Crossing the Ditch
One Thousand Six Hundred miles away from New Zealand, I gaze down on a sleepy city. Enveloped in darkness and splattered with neon lights, the vast cluster of buildings beneath me is Melbourne, my new home. The ticket I purchased was one-way. It’s strange staring out an aeroplane window at an unfamiliar place, wondering what kind of life you’ll make in it and hoping you don’t go broke first.
The airport experience was akin to an initiation ceremony. I knew it seemed too easy ticking a box on the customs form. My husband and I weaved between the Sky Cargo Company and Australian Customs amidst a string of paperwork. Wheeling a trolley through a loading bay on foot, we park up next to a tray-backed Ute. A dead body was unloaded into the freight warehouse. “This one must have lead feet” the driver exclaimed. Reunited with our luggage, we made a swift exit with the trolley in toe. Day one involved both death and airport taxes. What the heck was day two was going to bring?
A lot of people move to Australia for the good weather. Melbourne expats cannot attest to this. I soon learned to always carry an umbrella, scarf and many layers of clothing. Melbourne, like my hometown, is centred around a dirty brown river. I laughed when hearing the loudspeaker on Melbourne’s City Circle Tram describe The Yarra River as ‘Melbourne’s famous brown river’. That’s where the similarities end though. I am unequivocally a small town girl in a big city. A city with about 4.25 million citizens, that’s just shy of the entire New Zealand population.
Trams are a novelty however daily commutes tend to dull the enthusiasm. With time, you get to know the Melbourne public transport code. One must keep left on elevators, always let people exit before entering, and give your seat to sick, pregnant or elderly people. It’s a matter of common decency. This kind of insight is what defines people as locals. Soon I found myself riding the escalator on the left hand side and glaring at the imbeciles that clogged up the ‘fast lane.’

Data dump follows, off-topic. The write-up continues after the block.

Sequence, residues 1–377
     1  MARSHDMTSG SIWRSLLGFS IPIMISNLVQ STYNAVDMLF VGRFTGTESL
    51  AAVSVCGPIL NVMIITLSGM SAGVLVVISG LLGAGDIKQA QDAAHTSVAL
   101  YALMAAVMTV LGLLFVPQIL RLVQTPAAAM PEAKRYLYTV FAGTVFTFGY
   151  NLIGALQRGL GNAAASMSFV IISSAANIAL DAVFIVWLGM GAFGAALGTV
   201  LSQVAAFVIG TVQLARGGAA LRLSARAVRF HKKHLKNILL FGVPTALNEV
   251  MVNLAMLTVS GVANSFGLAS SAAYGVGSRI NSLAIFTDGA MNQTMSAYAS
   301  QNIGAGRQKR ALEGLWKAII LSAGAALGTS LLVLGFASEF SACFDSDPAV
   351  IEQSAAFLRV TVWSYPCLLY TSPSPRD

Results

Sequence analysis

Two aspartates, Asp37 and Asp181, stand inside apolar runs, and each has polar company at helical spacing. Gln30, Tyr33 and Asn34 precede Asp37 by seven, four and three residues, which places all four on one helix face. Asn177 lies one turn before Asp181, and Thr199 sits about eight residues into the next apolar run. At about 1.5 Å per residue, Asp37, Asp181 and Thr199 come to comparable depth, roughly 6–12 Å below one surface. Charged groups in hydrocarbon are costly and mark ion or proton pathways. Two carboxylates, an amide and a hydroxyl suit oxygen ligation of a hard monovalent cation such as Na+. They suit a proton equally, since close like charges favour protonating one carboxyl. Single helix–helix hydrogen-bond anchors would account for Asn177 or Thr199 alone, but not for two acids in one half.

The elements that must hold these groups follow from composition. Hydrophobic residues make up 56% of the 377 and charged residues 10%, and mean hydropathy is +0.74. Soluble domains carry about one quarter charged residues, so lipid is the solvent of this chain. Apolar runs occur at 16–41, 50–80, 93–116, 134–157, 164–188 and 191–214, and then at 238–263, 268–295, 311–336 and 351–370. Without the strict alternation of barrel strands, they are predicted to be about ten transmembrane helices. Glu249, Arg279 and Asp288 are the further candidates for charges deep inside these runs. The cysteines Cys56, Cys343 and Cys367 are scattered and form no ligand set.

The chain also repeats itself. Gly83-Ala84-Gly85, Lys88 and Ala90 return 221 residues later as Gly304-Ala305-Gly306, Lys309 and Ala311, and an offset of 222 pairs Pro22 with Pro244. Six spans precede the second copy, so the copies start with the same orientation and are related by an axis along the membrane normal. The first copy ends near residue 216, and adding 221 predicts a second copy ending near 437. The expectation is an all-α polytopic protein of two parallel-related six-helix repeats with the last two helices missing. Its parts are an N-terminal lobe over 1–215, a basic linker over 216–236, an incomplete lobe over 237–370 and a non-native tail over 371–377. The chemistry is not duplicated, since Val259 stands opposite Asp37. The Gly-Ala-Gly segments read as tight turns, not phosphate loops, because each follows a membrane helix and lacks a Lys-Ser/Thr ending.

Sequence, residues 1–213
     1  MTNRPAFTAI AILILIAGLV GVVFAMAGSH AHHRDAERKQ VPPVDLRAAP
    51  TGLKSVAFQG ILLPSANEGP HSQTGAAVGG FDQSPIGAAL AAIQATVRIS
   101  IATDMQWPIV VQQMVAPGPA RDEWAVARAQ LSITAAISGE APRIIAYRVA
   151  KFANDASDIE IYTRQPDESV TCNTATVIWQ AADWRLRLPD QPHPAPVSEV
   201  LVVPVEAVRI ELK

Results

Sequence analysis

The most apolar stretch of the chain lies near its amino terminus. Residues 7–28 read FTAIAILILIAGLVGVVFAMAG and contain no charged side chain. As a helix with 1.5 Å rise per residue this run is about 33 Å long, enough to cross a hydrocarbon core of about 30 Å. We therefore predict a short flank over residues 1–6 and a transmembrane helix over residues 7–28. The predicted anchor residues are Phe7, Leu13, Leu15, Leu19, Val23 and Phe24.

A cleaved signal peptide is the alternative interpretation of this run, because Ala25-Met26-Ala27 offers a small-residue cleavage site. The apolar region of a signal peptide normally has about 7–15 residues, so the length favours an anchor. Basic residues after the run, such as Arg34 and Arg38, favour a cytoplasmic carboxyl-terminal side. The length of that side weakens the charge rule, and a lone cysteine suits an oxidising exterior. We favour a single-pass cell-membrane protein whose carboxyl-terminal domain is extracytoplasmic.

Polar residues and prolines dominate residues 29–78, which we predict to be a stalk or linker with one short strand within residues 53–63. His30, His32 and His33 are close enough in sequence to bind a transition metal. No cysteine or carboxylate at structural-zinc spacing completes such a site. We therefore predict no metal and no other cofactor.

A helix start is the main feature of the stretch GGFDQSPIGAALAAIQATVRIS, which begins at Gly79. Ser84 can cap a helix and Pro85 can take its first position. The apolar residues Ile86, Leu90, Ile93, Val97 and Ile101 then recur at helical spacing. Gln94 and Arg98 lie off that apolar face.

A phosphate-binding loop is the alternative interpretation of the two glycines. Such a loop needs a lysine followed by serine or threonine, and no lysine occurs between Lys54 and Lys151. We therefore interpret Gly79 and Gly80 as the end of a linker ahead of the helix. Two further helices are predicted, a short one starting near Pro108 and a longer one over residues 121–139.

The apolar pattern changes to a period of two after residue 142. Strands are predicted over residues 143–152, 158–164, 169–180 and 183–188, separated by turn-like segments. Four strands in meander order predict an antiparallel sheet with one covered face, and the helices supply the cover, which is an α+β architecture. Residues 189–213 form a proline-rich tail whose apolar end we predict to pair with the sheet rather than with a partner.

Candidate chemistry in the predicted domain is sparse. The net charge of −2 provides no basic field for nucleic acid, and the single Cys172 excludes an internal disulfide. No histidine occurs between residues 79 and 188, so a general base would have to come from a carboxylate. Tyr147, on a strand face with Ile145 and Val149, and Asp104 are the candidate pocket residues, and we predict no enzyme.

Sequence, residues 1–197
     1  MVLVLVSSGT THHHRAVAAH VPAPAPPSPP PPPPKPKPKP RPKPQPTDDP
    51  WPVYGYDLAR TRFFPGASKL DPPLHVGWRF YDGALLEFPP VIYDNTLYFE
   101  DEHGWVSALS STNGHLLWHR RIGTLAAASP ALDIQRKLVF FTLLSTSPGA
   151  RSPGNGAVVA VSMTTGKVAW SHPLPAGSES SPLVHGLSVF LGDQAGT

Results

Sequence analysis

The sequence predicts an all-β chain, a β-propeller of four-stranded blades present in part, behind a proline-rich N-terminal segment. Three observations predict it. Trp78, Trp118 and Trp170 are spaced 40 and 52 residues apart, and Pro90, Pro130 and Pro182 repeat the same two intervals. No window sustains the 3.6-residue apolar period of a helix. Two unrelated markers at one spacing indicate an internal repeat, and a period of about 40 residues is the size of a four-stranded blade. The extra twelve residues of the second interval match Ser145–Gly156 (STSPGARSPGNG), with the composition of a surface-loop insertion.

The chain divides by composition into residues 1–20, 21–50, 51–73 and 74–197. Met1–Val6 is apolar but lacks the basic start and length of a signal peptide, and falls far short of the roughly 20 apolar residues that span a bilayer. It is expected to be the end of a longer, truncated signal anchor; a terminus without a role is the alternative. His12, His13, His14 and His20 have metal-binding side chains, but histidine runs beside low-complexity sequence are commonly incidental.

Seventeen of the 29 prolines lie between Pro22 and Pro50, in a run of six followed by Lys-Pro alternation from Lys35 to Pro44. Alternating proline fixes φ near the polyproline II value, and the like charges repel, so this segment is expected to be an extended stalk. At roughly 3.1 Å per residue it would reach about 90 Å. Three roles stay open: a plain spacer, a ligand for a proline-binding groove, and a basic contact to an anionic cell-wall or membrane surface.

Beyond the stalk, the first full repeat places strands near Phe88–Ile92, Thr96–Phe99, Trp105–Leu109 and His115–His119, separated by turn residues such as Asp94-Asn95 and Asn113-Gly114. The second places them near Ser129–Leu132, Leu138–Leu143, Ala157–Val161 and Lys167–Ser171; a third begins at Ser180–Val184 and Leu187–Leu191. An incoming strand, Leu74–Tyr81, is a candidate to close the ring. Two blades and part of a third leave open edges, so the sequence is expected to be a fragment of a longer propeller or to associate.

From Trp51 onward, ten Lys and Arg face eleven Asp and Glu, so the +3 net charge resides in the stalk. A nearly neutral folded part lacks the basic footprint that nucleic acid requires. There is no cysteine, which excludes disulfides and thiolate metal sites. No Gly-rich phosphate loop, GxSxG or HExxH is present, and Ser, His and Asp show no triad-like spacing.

Melbourne has a calendar chocker-block with sporting events. People dart their heads back and forth across the tennis court at the Australian Open every January. The Grand Prix speeds into town for the end of summer. Horse racing in the latter months of the year is always well-attended and the attire is often more formal than wedding garb. The Australian Football League (AFL) kicks off in autumn and is the backbone of Melbourne sport. One of the first requests made of us on arrival was “Mate, you have to pick a team.” Team loyalty to AFL runs deeper than family ties. The sport originated from this city and the level of devotion borders on religious.
The melting pot of expats helps ensure a vast range of fabulous eateries. One minute I can be on the street, and the next I’m sipping on an exotic cocktail at a rooftop bar, surrounded by tropical plants. The rooftop setting is nestled between clusters of high-rise buildings that pierce the dusky sky with layers of oblong shaped light. Rooftop bars are a bit of a best kept secret. Location is everything, and a prominent spot would be an obvious choice. Not so, in these parts. In-fact, the more laneways, tunnels, and stairs you have to endure, the better. The secrecy means you’re in the know.
I’m a huge fan of Smiths chips. The supermarket trolley was stuffed with little else for the first few weeks. It’s exciting discovering new items and expanding flavour horizons, a dwindling pleasure as globalisation peaks. Mangoes are readily available and they find their way to my table often. Bakeries are stocked with odd named consumables like snicker-doodles, and beestings. Doughnuts are nothing like the long shaped, cream filled, jam dolloped deliciousness I’m accustomed to. I do notice two familiar items however, the pie and the Pavlova. I had a giggle when I discovered some of my favourite foods from home were in the ‘international foods’ aisle at the local supermarket.
Close encounters with the wildlife are enough to put many people off visiting. I’ve had tropical birds land on my head and watched Koalas stoned on Eucalyptus lying about in the trees and conserving energy. I’ve watched penguins return to the roost after a hard day of fishing. I’ve had a bat fly over me, inches from my head during the walk home from the train station one evening. I’ve come face to face with Possums and I’m not sure which of us was more afraid. Thankfully, there have been no encounters with snakes to report.
Spiders are among us though. After a morning walk, I was diligently completing sit-ups on the lounge floor. I looked towards the ceiling and locked eyes with a menacing arachnid. The two of us ran out the back door, broom in hand. I shrieked unhelpful instructions along the lines of ‘get that bloody bastard.’
Three years on, I keep to the left on public transport, I have a repertoire of favourite laneway eateries and rooftop bars. I’ve seen all six AFL goalposts of the Melbourne Cricket Ground. I’m always armed and ready for any kind of weather that comes my way. Yep, I think I can say that I’ve become a local. I am now in the know. And I’m not broke yet, so I think I’ll stick around.